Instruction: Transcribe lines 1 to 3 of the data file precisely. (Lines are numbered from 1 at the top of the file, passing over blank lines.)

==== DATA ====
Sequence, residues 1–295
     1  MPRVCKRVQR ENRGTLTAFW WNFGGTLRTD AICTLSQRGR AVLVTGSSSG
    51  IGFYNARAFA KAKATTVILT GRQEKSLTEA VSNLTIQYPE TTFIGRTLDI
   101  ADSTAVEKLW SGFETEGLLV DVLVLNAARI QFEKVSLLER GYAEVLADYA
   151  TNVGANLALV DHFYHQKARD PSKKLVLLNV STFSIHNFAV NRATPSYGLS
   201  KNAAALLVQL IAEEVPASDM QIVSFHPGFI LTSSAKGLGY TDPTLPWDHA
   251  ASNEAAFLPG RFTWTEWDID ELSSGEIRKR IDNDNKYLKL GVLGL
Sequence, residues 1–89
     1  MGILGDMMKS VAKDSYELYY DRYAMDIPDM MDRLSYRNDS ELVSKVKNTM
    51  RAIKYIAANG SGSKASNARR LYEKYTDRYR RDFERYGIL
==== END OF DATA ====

Sequence, residues 1–295
     1  MPRVCKRVQR ENRGTLTAFW WNFGGTLRTD AICTLSQRGR AVLVTGSSSG
    51  IGFYNARAFA KAKATTVILT GRQEKSLTEA VSNLTIQYPE TTFIGRTLDI